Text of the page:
have any meaning to you?

Tedolph

(channeling ZoranC)

I think I'd rather be a sycophant of Anders than a channel for ZoranC.  In fact, thanks for illustrating one of the many differences between us so clearly.

Yohan Pamudji Senior Member • Posts: 2,874
Re: Says Who?
1

tedolf wrote:

Yohan Pamudji wrote:

TorsteinH wrote:

I did some testing with the ZD 50-200 and E-30/E-5 a few years ago. You may be able to see a hint of diffraction effect at f/8, but for any real world photos I had to stop down to f/11 to really see the effect.

The point of contention isn't at which aperture diffraction starts to matter.

Yes it is.

That's debatable based on perception.

Not really.

The point is that there's no appreciable difference for when diffraction starts for the 12MP and 16MP sensors.

Says who?

You?

That's the point that you and I are debating, which is what I was clarifying to TorsteinH.

That is, if it starts affecting you at f/11 on the 12MP sensor then it does so at f/11 on the 16MP sensor as well.  If f/8 is where it starts to bother you on the 12MP then it will at f/8 on the 16MP also.

Where do you get this idea from?

Mathematically, the closer the sensor pitch the sooner (i.e. larger aperture) you will start seeing diffraction.

This is not debatable.

Tedolph

I get this idea from looking at pictures, which you suggested I do but you yourself refuse to do.  Friendly advice: you should back away from the mathematics of optics.  We've established how bad you are at it during our DOF discussions.  The "mathematics" that you keep quoting is on a per-pixel level, but at the image level the greater detail of the higher MP balances out the loss of detail due to diffraction, hence no difference in final result at the image level.  See Great Bustard's comments and linked articles, assuming you don't still have a severe aversion to referring to outside sources when provided with additional info like you did during our DOF discussions.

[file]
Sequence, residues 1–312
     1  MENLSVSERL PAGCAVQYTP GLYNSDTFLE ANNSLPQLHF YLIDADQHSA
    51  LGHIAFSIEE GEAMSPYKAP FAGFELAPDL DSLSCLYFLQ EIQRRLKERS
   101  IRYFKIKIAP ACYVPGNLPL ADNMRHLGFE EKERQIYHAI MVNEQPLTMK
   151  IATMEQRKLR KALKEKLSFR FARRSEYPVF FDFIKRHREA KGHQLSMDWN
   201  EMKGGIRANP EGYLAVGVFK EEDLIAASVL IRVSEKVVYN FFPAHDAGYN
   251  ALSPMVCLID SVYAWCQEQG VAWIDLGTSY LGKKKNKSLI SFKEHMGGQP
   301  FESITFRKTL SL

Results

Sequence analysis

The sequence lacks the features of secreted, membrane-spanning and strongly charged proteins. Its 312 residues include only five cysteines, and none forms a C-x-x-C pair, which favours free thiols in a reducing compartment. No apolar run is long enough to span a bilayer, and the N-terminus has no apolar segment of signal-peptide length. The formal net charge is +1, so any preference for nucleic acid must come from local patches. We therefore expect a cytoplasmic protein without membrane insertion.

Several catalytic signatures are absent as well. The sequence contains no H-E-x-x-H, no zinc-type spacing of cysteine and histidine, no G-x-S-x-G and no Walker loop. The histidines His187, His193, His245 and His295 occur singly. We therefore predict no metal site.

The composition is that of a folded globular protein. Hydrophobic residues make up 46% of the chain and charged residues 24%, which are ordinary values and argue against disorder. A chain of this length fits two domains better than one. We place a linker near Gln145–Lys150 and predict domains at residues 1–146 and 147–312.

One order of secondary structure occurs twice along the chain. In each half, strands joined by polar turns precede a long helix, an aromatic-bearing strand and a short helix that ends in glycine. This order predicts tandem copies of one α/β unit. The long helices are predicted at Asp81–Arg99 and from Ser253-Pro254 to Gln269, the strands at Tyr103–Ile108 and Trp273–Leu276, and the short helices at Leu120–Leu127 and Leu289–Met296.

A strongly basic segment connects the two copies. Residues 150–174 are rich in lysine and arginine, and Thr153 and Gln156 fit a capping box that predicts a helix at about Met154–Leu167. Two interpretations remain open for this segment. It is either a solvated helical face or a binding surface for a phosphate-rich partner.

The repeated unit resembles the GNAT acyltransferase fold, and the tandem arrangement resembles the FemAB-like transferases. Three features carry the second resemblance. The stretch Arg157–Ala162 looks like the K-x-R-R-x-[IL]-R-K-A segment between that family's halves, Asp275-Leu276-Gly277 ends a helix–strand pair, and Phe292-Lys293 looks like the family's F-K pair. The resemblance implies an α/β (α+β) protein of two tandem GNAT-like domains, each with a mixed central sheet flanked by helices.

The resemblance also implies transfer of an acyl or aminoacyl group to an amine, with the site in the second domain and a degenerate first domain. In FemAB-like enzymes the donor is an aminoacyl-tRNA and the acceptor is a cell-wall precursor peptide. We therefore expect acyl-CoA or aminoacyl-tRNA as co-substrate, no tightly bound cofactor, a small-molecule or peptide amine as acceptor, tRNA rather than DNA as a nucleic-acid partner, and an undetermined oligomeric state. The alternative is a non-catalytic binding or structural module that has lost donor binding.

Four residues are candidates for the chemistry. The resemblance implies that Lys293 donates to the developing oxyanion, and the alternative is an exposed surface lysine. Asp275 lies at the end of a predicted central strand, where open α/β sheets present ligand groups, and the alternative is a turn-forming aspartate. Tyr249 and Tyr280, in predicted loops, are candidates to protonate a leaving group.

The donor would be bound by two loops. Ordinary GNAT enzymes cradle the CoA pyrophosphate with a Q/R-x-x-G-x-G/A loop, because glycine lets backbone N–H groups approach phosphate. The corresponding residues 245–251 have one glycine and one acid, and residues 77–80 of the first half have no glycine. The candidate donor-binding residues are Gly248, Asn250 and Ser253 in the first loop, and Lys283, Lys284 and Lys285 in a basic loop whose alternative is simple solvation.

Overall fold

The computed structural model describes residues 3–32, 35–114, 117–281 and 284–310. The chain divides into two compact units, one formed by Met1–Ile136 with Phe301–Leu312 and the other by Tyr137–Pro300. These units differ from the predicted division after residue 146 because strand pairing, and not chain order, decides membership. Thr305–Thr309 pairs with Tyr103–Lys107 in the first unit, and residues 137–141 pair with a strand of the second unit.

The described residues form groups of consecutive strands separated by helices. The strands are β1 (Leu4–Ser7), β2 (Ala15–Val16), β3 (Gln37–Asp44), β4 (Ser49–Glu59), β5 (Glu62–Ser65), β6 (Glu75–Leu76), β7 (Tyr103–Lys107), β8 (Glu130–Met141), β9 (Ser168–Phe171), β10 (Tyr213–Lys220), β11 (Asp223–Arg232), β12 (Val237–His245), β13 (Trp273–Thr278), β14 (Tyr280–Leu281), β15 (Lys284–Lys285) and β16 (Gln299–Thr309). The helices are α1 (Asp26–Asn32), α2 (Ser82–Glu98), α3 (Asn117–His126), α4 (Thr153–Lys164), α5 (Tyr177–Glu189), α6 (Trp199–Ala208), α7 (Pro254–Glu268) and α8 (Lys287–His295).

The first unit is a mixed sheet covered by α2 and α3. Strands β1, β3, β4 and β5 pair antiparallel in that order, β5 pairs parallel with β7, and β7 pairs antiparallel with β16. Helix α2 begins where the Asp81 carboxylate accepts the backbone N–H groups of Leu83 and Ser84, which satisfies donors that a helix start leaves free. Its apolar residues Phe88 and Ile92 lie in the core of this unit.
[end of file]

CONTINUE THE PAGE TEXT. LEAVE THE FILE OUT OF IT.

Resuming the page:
In case you're ready to take your own advice and look at pictures, here are some pictures to look at with some explanations to go with them:

http://www.talknex.com/f2/what-does-diffraction-limited-mean-387/

In summary and for the last time: if diffraction starts bothering you at f/11 on a 12MP m4/3 sensor then it will do so at f/11 on a 16MP m4/3 sensor as well.  You're free to disagree but the proof is there both in the math and in photos.

Najinsky Veteran Member • Posts: 5,739
Game over.

Ok, as no one wants to play, I've removed the test files.

Strange forum where people want to know about 12 v 16 mp, the role of lenses, and diffraction, yet refuse to commit an opinion about photos taken to actually show it.

-Najinsky.

PS: Obviously there was one relevant (and as it happens, worthwhile) opinion expressed. Perhaps I need to rethink my ignore list.

Guy Parsons
Guy Parsons Forum Pro • Posts: 30,584
Interruption to this broadcast....
2

Hey, who worries about where diffraction happens, the main thing is to get the depth of field required for the shot. Better DOF with some detail loss looks nicer than shallow DOF with sharper details, particularly in macro shots.

Anyway, the 16MP sensor delivers a so much better image than the 12MP sensor that even when both diffracted to blazes at f/16 the 16MP sensor delivers a better looking image than the 12MP sensor can.

I am not about to waste time by setting up E-PL1/E-P3/E-PL5 and proving it to anybody. I just see it in everyday shots, though I never really wander much smaller than f/8 except down to f/11-16 for macro only.

For me the E-PL1 used to be the greatest camera in the world, then I bought the E-PL5 and the E-PL1 is left in the dust, just a whole new world of results and ease of use.

So, Tedolf, do yourself (and us) a favour and go buy the E-PL5 and see what you think, for me it was a spectacular upgrade from E-PL1 (and E-P3).

Regards...... Guy

 Guy Parsons's gear list:Guy Parsons's gear list
Olympus PEN E-P5 Olympus PEN E-PL1 Olympus PEN E-P3 Olympus PEN E-PL5 +2 more